Community and charity stalwarts included in New Year Honours
A grandmother from Radstock who has dedicated the past 30 years to running marathons for charity has been honoured for her tireless efforts.
Jean Meredith, who owns Jean's Hairdressers in the town, has been awarded a British Empire Medal in the Queen's New Year's honours.
The 66-year-old, who is a member of Somer AC, has completed more than 70 marathons across the globe including the last 28 London Marathons.
Over that time, she has raised almost £100,000 for charity especially for children's cancer charity CLIC Sargent to thank it for the help it provided to her grandson who had leukaemia when he was young.
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Mrs Meredith said: "It is just lovely. I'm over the moon but think I'm still a little bit in shock. When the letter came through the door I just cried and cried I was simply gobsmacked. My reward for doing what I do is being able to raise money for charity.
"I don't do it for any other reason. I have never dreamed of getting an honour from the Queen but I'm just delighted. I told my husband Roy because he was there when the letter arrived but other than that I didn't tell a soul – not even our sons. I just wish my mother was still here to see it but sadly she passed away in summer."
In October she became overall winner of the Hearts of Somerset awards run by the Somerset Guardian and its sister papers for her efforts in fundraising.
Writhlington School teacher Simon Pugh-Jones has received an MBE for services to education.
The 51-year-old who has been teaching there since 1989 has become known for innovation in science and enterprise especially through his development of the Writhlington School Orchid Project.
This has involved students in award-winning conservation, research and horticultural work for more than 20 years with highlights including gold medals at the Chelsea Flower Show and expeditions to some of the world's most remote tropical habitats.
Pupils have explored the forests of Central and South America, the Himalayas, South East Asia and Africa and worked with community groups and schools to support effective conservation by raising orchids from seed in laboratories.
The father-of-one, who lives with his wife Annie in Frome, said he first thought the letter from the Queen was a speeding fine.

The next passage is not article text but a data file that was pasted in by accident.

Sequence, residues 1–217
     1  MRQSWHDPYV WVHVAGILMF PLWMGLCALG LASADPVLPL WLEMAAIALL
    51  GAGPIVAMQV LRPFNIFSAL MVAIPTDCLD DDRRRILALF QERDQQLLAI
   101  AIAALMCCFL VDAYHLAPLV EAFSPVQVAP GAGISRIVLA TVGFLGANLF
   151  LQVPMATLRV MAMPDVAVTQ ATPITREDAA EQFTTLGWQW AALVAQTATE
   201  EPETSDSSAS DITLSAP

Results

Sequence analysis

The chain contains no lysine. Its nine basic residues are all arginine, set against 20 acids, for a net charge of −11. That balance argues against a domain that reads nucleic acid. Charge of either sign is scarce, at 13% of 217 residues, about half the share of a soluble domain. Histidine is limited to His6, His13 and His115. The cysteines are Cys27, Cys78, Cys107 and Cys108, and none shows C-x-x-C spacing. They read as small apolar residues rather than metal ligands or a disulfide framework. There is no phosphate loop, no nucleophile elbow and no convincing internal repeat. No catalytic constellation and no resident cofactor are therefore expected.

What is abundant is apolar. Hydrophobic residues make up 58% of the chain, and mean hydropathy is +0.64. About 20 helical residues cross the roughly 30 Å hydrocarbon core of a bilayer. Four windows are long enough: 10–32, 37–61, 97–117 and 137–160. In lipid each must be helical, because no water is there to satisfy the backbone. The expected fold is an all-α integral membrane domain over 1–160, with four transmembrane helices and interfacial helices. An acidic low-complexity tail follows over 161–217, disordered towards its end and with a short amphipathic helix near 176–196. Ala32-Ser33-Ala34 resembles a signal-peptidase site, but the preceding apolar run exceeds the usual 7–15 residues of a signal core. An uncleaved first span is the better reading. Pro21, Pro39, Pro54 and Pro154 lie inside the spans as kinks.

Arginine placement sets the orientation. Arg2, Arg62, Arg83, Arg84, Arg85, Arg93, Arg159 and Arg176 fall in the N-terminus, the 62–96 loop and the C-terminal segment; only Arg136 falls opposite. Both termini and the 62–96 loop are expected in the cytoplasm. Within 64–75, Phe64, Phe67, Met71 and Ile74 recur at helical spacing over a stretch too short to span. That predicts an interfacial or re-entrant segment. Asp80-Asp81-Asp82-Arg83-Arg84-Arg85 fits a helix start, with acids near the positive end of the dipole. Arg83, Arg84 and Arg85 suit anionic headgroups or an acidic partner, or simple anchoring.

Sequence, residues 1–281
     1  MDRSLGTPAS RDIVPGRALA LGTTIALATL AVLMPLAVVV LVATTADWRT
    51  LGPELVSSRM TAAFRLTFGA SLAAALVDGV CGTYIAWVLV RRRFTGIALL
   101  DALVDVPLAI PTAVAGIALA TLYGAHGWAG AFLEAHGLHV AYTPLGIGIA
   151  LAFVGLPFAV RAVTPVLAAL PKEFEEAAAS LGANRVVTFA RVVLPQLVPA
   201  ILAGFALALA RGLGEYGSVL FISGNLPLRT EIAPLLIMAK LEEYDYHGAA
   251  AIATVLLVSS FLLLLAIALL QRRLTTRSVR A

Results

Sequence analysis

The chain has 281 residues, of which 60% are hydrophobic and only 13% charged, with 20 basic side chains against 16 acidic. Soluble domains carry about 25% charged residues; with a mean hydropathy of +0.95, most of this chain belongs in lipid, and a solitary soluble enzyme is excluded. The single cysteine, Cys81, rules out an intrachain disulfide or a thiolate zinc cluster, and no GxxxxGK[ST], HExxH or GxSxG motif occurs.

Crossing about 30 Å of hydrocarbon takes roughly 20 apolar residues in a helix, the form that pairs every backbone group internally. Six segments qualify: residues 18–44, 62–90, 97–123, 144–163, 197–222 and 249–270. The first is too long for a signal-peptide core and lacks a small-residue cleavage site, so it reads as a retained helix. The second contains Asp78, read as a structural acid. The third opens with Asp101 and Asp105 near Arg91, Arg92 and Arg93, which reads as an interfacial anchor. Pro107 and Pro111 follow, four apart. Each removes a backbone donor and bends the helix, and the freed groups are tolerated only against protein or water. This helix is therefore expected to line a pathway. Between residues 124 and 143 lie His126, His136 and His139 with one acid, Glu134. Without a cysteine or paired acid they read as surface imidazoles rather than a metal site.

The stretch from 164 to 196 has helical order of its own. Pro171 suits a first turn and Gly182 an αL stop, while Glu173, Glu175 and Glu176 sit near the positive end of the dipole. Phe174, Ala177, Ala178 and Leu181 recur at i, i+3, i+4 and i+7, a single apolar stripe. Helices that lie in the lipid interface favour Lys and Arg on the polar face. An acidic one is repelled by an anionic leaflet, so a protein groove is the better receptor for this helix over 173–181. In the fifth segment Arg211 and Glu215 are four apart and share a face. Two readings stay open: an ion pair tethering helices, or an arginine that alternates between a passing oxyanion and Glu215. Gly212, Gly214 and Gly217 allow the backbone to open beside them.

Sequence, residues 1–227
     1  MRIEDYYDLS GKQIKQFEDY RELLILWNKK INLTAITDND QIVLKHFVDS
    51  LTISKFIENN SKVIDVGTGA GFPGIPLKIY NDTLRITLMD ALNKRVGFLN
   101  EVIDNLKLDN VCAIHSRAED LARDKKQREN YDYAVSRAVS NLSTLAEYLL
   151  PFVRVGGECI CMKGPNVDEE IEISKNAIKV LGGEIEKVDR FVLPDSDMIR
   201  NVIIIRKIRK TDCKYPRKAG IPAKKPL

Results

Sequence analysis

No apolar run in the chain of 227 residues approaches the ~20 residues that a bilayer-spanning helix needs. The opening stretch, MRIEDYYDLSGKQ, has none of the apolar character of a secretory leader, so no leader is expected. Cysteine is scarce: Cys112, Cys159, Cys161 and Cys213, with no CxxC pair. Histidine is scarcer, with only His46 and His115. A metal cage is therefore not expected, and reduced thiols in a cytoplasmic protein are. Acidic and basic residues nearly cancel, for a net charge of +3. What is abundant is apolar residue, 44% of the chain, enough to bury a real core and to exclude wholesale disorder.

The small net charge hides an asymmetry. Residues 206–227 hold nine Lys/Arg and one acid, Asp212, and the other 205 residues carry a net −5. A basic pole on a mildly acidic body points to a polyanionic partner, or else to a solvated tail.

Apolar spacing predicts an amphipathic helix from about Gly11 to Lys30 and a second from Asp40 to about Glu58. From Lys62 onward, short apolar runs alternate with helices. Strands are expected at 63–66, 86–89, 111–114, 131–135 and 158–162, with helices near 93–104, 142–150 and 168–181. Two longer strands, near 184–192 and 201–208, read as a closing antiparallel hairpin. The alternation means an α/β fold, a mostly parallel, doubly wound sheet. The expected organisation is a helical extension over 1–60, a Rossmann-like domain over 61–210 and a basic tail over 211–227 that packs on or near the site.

Mr Pugh-Jones' interest in plants first began as a child thanks to his green-fingered grandmother who gave him his first orchid at the age of 12.
He added: "It has been amazing to get the MBE for the generations of students who have put so much work into this, and I hope this recognition will help us in our continuing efforts to develop initiatives for the benefit of communities in tropical countries. The reason I think we have such an impact when we travel to other places to teach what we know about orchids is because the young people do the training and I think this gives confidence that it is all possible."
A woman who was inspired to become a youth worker at the same youth club she enjoyed as a child has had her dedication to improving the lives of teenagers recognised with a British Empire Medal.
Bridie Marshall has spent the past 13 years supporting young people from the age of 11 through their teenage years into adulthood at Peasedown St John Youth Club.
She said: "I feel really proud to receive this award but feel this is a team award as without the support of my family and the great team of youth workers and volunteers I couldn't do the amount of work I do. I am so proud to work for Bath and North East Somerset Council youth service and feel honoured to work within a great team supporting an amazing bunch of young people and their families."
The award also brings some sadness as Ms Marshall's mum died on December 10.
"She didn't know that I was to get this medal – I couldn't tell my mum as she would have been so proud she wouldn't have been able to keep it a secret."
She said she feels one of the most important parts of her work is helping teach youngsters the skills they will need to get on in life.
Blagdon resident Monica Murdoch has had her contribution to village life recognised with a British Empire Medal.
Mrs Murdoch cooks once a month for the local lunch club and does a variety of voluntary work, including helping arrange lifts for those unable to make their own way to hospital appointments.
Mrs Murdoch is also a member of the Good Companions and WI groups, and has been carrying out collections for Macmillan Cancer Care and the Royal British Legion for a number of years.
Besides doing all this Mrs Murdoch has dedicated her life to looking after her daughter Jane, 53, who has Down's Syndrome.